attainment was shown to have a positive impact on elite athletes upward mobility (e.g.,
Eisen, & Turner, 1996; Houston, 1982; Semyonov, 1986). Retirement at a higher age was
associated with a lower likelihood of upward mobility among elite athletes (Fldesi, 2004).
Some studies also explored the relationship between the type of sports practiced and
career transitions. Sohi and Yusuf (1987), for example, demonstrated that elite athletes in
popular sports experienced more upward mobility, although other studies found no clear
relationship (e.g., Loy, 1972). Athletes who played strenuous physical sports (e.g., baseball,
football, track, and wrestling) may have more difculties in their career transitions (Tinley,
2002). Tere was also evidence that most athletes who engaged in vigorous sports were
recruited from blue-collar or farming families (Loy, 1972), which may have indirectly
infuenced their social mobility when they retired. Male athletes had an advantage over
female counterparts in fnding jobs and obtaining higher social status (Gilmore, 2008;
Wilson, 2007). Finally, elite athletes under communism seemed to have more upward
mobility than those under capitalism (Fldesi, 2004; Green, & Oakley, 2001).


1
According to the Revised Policy for Retired Athlete: Employment and Benefts, by the State General Administration
of Sport, the State Commission Ofce for Public Sector Reform, the Ministry of Education, the Ministry of Finance, the
Ministry of Human Resources, and the Ministry of Labor and Social Security, China 2002.
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Asian Journal of Exercise & Sports Science 2013 Vol. 10 (No. 2)
Afer the elite sport reform and policy change, a number of Chinese studies addressed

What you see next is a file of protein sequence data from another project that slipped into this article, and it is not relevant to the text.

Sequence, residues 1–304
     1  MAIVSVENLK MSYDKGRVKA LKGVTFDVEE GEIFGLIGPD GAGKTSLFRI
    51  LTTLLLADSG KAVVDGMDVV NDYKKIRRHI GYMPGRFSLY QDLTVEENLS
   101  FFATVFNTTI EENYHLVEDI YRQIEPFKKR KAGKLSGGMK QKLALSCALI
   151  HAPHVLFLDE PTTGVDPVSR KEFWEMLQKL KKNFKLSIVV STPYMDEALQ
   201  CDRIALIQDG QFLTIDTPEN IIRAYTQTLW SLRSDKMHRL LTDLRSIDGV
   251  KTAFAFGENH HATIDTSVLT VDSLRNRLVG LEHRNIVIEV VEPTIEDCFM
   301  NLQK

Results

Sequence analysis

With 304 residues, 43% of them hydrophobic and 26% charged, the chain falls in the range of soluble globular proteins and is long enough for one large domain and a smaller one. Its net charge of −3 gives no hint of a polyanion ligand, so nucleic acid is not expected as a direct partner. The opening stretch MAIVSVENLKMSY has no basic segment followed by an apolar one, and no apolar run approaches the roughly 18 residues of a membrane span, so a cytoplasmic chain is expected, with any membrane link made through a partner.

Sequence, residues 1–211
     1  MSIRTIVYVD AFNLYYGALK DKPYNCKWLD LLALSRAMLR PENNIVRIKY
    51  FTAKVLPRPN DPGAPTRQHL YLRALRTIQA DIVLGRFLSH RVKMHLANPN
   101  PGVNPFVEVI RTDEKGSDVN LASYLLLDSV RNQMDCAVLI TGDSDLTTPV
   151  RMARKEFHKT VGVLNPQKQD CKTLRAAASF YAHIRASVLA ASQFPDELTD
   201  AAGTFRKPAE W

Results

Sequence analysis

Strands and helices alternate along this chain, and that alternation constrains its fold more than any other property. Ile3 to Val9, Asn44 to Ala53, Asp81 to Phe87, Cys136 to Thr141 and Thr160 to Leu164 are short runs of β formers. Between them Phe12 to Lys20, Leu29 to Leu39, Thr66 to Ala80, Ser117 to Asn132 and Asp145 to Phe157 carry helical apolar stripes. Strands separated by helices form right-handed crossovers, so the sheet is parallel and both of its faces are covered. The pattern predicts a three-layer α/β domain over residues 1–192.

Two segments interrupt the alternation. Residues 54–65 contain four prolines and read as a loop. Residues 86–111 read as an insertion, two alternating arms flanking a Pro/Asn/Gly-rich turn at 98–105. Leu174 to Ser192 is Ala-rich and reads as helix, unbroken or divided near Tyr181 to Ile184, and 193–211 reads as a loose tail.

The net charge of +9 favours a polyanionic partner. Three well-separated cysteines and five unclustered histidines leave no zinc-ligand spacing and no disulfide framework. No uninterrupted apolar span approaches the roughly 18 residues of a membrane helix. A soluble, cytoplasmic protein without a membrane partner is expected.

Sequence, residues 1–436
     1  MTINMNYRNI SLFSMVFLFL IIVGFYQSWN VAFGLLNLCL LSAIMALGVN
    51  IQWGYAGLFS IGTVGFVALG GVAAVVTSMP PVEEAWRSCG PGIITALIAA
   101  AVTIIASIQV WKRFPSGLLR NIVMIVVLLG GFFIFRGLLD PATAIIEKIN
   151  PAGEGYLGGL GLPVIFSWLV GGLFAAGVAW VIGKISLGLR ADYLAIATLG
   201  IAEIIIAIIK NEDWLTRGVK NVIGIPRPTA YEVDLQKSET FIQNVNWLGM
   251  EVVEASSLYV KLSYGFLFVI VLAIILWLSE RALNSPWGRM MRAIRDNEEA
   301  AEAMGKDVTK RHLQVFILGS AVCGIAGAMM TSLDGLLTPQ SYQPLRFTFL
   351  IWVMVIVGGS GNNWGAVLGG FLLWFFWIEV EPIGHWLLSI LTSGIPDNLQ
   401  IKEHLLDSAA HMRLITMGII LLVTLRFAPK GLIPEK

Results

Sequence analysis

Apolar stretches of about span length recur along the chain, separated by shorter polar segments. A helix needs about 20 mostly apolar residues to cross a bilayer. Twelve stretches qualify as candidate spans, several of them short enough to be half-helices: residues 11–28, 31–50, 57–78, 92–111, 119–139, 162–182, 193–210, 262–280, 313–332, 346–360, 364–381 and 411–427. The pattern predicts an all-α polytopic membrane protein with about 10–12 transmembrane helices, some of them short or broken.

the role of educational attainment and social capital (e.g., Chen, 2004; Cong et al., 2010; Ye,
2009), but few were based on quantitative analyses. Most studies in China did not go far
enough in acknowledging the factors that infuenced elite athletes career transitions and
social mobility. To fll these gaps, we investigated what paths the Chinese elite athletes took
in retirement and what infuenced their career transitions and social mobility afer the elite
sport reform and policy change.
Methods
Participants
Participants were former elite athletes who worked in the General Administration
of Sports or the Beijing Sports Administration.
2
Their skill levels were at the frst class
or higher. Their best performance in competitions was evaluated. The sample consisted
of 211 participants (116 females and 95 males, ages 18-45 years). A questionnaire was
administered to collect their age at retirement, gender, the type of sports they used to play,
educational level, and socioeconomic status (SES), as well as the education level and SES
of their fathers. The questionnaire was designed by fve experts from Tsinghua University
and Tongji University in China. The fnal sample included 179 respondents (24.74.24 yrs,